Another day, another Brad Pitt-killing-Nazis movie—or at least, that’s how one may feel by the end of Fury. Written and directed by David Ayer (Training Day, End of Watch), the film reeks of its predecessors. Based on complete fiction, “Fury” is the story of a tank crew, led by Pitt, that fights its way across Germany in the last year of World War II. In picking this historical context, the film relies more on the intense and explicit violence of war than it does on any sense of reality.
The film’s direction commences once Logan Lerman, playing the doe-eyed Norman Ellison, enters the picture. A typist forced into the field of combat, Ellison is immediately thrust into the command of Sergeant Don Collier (Pitt). The tough-guy leader is less than pleased to have Ellison replace his assistant driver, whose heart only stopped beating a few scenes previous. Nonetheless, he takes Ellison, or “Machine” as he is eventually called, under his wing. He teaches him the harsh reality and grit confronted in war. In one of Machine’s first encounters with the battlefield, Collier forces Ellison to execute an SS officer, and when Ellison tells him it isn’t right, he shoves the gun in his hand and pulls the trigger.
Slowly, Ellison integrates into the testosterone-fueled, dirt-covered brotherhood that is the tank crew. This is a stereotypical WWII army crew here, with Shia LaBeouf playing a quiet, yet intense Bible-beater Michael Pena, or “The Sensitive Mexican.” Jon Bernthal is “Coon-Ass,” an over-the-top caricature of a Southern hick. Together, they teach Ellison what it means to be a “man.” They’re with him when he shoots his first victim, they get him laid, and even give him one of his first swigs of alcohol.
Ayer’s story is by no means fresh. The similarities to Saving Private Ryan—perhaps the most famous film depiction of the end of World War II—are difficult to ignore, from the explicit display of violence to the plead for sympathy.
But nothing is overemphasized as much as Pitt’s dialogue. In one scene, Collier tells Ellison, “Ideas are peaceful, history is violent.” In another, he tells his crew, “It will end soon. But before it does, a lot more people gotta die.” After a while, the film loses its authenticity, and all of Pitt’s dialogue becomes little more than cliched one-liners.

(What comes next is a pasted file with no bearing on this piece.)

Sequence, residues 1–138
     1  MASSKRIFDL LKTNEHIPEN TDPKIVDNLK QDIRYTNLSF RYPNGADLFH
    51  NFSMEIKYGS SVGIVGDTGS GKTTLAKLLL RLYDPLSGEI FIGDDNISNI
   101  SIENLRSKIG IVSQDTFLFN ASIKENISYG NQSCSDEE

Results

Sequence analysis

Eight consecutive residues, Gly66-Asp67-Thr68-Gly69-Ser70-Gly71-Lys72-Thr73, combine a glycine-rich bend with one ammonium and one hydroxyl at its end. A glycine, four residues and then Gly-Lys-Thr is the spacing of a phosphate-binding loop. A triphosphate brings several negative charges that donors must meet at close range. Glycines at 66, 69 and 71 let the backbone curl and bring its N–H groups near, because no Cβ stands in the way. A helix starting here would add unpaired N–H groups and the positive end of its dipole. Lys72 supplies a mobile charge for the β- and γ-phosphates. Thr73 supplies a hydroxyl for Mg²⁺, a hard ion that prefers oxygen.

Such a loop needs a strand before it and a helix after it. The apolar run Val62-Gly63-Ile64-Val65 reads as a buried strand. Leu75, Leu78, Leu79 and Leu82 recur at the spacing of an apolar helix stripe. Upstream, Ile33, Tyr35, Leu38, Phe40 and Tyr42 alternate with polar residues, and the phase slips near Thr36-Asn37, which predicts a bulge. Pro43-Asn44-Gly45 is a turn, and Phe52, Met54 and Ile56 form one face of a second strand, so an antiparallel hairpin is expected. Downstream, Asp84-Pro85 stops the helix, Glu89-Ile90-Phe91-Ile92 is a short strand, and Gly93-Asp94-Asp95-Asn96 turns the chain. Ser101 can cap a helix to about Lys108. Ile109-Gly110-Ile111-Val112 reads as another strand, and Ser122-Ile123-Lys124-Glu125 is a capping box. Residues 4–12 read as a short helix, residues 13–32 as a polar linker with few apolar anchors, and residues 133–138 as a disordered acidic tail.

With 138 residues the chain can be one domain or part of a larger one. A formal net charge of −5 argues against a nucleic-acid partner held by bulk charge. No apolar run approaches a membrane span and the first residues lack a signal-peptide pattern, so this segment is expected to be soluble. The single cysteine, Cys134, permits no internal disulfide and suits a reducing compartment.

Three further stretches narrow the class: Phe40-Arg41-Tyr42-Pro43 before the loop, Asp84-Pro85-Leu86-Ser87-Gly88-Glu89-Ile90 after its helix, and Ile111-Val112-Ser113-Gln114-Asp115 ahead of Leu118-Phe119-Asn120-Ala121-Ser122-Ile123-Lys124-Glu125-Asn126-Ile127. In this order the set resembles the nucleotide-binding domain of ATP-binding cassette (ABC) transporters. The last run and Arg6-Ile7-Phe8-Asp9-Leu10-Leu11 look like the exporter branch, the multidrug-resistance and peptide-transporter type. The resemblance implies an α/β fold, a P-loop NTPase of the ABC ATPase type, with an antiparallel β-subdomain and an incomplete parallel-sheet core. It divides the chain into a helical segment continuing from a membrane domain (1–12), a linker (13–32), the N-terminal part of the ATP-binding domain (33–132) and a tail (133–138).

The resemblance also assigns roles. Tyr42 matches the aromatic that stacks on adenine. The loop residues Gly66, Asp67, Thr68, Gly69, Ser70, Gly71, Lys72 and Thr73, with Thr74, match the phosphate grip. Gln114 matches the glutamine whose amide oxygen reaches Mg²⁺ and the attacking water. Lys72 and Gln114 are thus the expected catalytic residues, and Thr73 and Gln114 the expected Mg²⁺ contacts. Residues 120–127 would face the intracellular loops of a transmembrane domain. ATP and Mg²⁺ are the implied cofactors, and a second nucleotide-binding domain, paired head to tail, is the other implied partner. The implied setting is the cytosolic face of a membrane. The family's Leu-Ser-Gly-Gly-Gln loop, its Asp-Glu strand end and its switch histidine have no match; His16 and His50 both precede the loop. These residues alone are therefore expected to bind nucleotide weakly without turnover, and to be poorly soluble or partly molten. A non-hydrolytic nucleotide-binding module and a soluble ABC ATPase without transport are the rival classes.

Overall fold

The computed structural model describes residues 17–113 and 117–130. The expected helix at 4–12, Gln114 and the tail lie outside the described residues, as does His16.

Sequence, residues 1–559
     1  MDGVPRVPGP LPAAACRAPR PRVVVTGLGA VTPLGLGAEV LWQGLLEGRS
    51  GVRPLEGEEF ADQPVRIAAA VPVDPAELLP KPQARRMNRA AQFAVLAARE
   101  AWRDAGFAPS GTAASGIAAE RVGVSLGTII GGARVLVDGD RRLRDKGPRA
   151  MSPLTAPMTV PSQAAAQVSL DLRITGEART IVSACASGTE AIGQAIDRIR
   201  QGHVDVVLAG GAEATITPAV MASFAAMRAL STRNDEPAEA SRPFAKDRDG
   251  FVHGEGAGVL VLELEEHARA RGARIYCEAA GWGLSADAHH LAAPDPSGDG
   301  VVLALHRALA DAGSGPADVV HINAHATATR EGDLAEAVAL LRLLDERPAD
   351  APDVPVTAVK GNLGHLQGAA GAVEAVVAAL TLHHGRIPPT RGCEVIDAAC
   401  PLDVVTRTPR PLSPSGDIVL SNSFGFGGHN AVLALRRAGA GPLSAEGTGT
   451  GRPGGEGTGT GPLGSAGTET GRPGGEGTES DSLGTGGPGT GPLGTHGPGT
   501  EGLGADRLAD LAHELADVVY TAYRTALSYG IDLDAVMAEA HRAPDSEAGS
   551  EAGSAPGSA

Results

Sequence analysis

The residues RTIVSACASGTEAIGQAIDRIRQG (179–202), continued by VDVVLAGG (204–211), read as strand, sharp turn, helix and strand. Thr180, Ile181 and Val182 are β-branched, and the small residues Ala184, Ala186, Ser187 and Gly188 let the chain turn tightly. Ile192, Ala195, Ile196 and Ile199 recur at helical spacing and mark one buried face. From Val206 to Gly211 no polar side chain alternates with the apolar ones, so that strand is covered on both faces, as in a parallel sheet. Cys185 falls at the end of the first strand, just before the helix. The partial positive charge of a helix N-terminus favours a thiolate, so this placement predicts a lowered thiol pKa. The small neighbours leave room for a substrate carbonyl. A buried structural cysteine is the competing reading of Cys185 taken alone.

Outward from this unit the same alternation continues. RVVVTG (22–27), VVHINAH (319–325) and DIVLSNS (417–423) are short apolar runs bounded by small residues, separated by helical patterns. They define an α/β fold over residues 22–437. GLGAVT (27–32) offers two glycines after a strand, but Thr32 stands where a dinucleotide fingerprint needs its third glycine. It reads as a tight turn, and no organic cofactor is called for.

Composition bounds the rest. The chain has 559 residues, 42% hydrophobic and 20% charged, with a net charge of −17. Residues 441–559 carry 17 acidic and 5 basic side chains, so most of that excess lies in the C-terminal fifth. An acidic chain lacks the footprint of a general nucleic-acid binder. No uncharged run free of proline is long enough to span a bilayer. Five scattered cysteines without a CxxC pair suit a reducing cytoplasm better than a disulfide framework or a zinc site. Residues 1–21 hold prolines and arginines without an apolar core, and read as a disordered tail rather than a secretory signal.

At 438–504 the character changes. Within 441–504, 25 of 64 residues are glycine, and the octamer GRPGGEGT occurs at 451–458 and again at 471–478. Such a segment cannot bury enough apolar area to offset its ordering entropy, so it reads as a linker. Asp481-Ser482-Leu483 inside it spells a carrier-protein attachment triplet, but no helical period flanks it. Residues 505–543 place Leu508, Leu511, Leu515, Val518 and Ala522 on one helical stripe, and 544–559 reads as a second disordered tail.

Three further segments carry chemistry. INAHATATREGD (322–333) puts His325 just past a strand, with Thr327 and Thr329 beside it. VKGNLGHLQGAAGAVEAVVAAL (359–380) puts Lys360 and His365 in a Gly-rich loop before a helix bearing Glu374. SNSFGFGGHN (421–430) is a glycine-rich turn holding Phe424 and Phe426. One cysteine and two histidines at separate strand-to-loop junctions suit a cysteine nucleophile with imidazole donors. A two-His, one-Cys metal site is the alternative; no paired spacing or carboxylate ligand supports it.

Collier’s motives in the film also do not seem to add up. He goes from forcing murder on the conscience of Norman to offering eggs to a young German woman, as if that somehow magically redeems his character. It’s as if Pitt is incapable of playing a flawed character. From Inglorious Basterds (a much more satisfying Nazi-killing drama) to Moneyball, the Millennial Pitt can do no wrong. He not only embraces the hero role in Fury, but he also smothers us with it.
Being in today’s period of film, a more gratifying depiction of women and minorities would be expected. While war movies are almost always heavily dependent on men, Fury lacks a single significant female character. Instead, Ayer uses females to further define the men of the film. The only considerable feminine influence is that of Emma (Alicia von Rittberg), whose only quality seen other than being timid is providing an opportunity for Ellison to lose his virginity.
Perhaps the most affecting part of the film is Ayer’s explicit depiction of violence. From watching heads blown right off the American soldiers to seeing tanks roll over bodies flattened in the mud, there’s an honesty that comes from this horror. Ayer has no reservations, and he forces his audience to acknowledge its existence.
There’s really only so much testosterone and manliness one can take in Fury’s two hours. Eventually, it tests its limits, and not even Pitt’s charm can save it. Generic World War II dramas have been a dime a dozen in the past five or so decades, and Fury is no exception.
Featured Image Courtesy of Columbia Pictures